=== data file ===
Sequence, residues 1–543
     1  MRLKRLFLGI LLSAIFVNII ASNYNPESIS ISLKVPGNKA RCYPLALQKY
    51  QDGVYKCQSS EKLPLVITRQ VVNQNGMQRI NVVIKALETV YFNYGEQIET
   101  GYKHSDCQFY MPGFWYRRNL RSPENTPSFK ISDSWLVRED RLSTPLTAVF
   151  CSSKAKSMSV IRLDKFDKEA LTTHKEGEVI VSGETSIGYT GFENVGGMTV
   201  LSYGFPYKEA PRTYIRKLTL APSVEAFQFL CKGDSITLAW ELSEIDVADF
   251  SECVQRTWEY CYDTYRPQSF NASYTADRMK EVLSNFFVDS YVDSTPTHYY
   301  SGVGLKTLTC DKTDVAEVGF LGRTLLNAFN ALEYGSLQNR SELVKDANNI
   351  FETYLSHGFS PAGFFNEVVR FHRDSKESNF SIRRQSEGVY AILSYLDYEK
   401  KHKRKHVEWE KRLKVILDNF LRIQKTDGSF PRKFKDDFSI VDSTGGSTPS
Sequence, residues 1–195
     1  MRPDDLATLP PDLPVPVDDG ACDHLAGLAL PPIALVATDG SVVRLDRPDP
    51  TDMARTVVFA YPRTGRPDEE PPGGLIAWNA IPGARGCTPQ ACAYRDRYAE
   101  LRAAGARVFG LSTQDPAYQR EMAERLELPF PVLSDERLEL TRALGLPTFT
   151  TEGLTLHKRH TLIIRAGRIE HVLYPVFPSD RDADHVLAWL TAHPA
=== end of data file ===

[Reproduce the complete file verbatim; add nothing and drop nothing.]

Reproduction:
Sequence, residues 1–543
     1  MRLKRLFLGI LLSAIFVNII ASNYNPESIS ISLKVPGNKA RCYPLALQKY
    51  QDGVYKCQSS EKLPLVITRQ VVNQNGMQRI NVVIKALETV YFNYGEQIET
   101  GYKHSDCQFY MPGFWYRRNL RSPENTPSFK ISDSWLVRED RLSTPLTAVF
   151  CSSKAKSMSV IRLDKFDKEA LTTHKEGEVI VSGETSIGYT GFENVGGMTV
   201  LSYGFPYKEA PRTYIRKLTL APSVEAFQFL CKGDSITLAW ELSEIDVADF
   251  SECVQRTWEY CYDTYRPQSF NASYTADRMK EVLSNFFVDS YVDSTPTHYY
   301  SGVGLKTLTC DKTDVAEVGF LGRTLLNAFN ALEYGSLQNR SELVKDANNI
   351  FETYLSHGFS PAGFFNEVVR FHRDSKESNF SIRRQSEGVY AILSYLDYEK
   401  KHKRKHVEWE KRLKVILDNF LRIQKTDGSF PRKFKDDFSI VDSTGGSTPS
Sequence, residues 1–195
     1  MRPDDLATLP PDLPVPVDDG ACDHLAGLAL PPIALVATDG SVVRLDRPDP
    51  TDMARTVVFA YPRTGRPDEE PPGGLIAWNA IPGARGCTPQ ACAYRDRYAE
   101  LRAAGARVFG LSTQDPAYQR EMAERLELPF PVLSDERLEL TRALGLPTFT
   151  TEGLTLHKRH TLIIRAGRIE HVLYPVFPSD RDADHVLAWL TAHPA